American corporations are under new scrutiny from federal lawmakers after well-publicized episodes in which the companies laid off American workers and gave the jobs to foreigners on temporary visas.
But while corporate executives have been outspoken in defending their labor practices before Congress and the public, the American workers who lost jobs to global outsourcing companies have been largely silent.
Until recently. Now some of the workers who were displaced are starting to speak out, despite severance agreements prohibiting them from criticizing their former employers.
Marco Peña was among about 150 technology workers who were laid off in April by Abbott Laboratories, a global health care conglomerate with headquarters here. They handed in their badges and computer passwords, and turned over their work to a company based in India. But Peña, who had worked at Abbott for 12 years, said he had decided not to sign the agreement that was given to all departing employees, which included a nondisparagement clause.
Peña said his choice cost him at least $10,000 in severance pay. But on an April evening after he walked out of Abbott’s tree-lined campus here for the last time, he spent a few hours in a local bar at a gathering organized by technology worker advocates, speaking his mind about a job he had loved and lost.
“I just didn’t feel right about signing,” Peña said. “The clauses were pretty blanket. I felt like they were eroding my rights.”
Leading members of Congress from both major parties have questioned the nondisparagement agreements, which are commonly used by corporations and can prohibit ousted workers from raising complaints about what they see as a misuse of temporary visas. Lawmakers, including Richard Durbin of Illinois, the second-highest-ranking Senate Democrat, and Jeff Sessions of Alabama, the Republican chairman of the Senate Judiciary Subcommittee on Immigration, have proposed revisions to visa laws to include measures allowing former employees to contest their layoffs.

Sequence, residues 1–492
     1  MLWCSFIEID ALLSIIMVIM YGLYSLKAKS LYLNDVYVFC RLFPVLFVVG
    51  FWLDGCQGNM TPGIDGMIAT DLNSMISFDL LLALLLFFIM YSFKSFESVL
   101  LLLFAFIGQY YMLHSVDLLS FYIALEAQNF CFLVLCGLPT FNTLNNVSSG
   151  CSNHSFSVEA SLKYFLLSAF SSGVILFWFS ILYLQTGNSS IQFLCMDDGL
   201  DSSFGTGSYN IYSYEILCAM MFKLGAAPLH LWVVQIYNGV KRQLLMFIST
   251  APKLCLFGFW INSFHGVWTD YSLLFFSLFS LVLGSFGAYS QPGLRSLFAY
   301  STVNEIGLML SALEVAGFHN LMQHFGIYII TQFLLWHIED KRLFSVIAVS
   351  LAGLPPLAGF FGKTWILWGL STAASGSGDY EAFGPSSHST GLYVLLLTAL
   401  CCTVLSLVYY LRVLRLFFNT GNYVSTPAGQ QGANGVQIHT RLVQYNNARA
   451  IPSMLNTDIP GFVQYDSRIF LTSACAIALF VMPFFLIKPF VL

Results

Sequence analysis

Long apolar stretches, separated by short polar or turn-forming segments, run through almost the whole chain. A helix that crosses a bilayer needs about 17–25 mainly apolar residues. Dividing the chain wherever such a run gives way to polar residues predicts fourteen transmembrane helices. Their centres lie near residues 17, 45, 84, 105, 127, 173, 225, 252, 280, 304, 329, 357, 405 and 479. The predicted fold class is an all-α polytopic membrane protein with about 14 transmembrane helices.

“I have heard from workers who are fearful of retaliation,” said Sen. Richard Blumenthal, D-Conn. “They are told they can say whatever they want, except they can’t say anything negative about being fired.”
Lawyers said the paragraph Peña and other workers object to in their separation agreements are routine in final contracts with employees who are paid severance as they leave, whether they were laid off or resigned voluntarily.
“It’s a very, very common practice,” said Sheena R. Hamilton, an employment lawyer at Dowd Bennett in St. Louis who represents companies in workplace cases. “I’ve never recommended a settlement that didn’t have a clause like that.”
But former Abbott employees said the provisions had stopped them from speaking openly with elected officials or appearing at congressional hearings.
“It is very frustrating that you can’t share your story with the public,” said one former Abbott manager, who had worked for the company for 13 years, rising to an important supervisory position. He had prepared a 90-page manual for his foreign replacements showing how to perform every detail of his work. With a disabled child who requires medical care, he said he had to take his severance and its nondisparagement clause, since it extended his medical benefits, so he asked to remain anonymous.
“I’ve been laid off before, I can understand that,” he said. “But these visas were meant to fill in gaps for resources that are hard to find. This time the company actually asked me to transfer my knowledge to somebody else. That changes the equation.”
According to federal rules, temporary visas known as H-1Bs are for foreigners with “a body of specialized knowledge” not readily available in the labor market. The visas should be granted only when they will not undercut the wages or “adversely affect the working conditions” of Americans.
But in the past five years, through loopholes in the rules, tens of thousands of U.S. workers have been replaced by foreigners on H-1B and other temporary visas, according to professor Hal Salzman, a labor force expert at Rutgers University.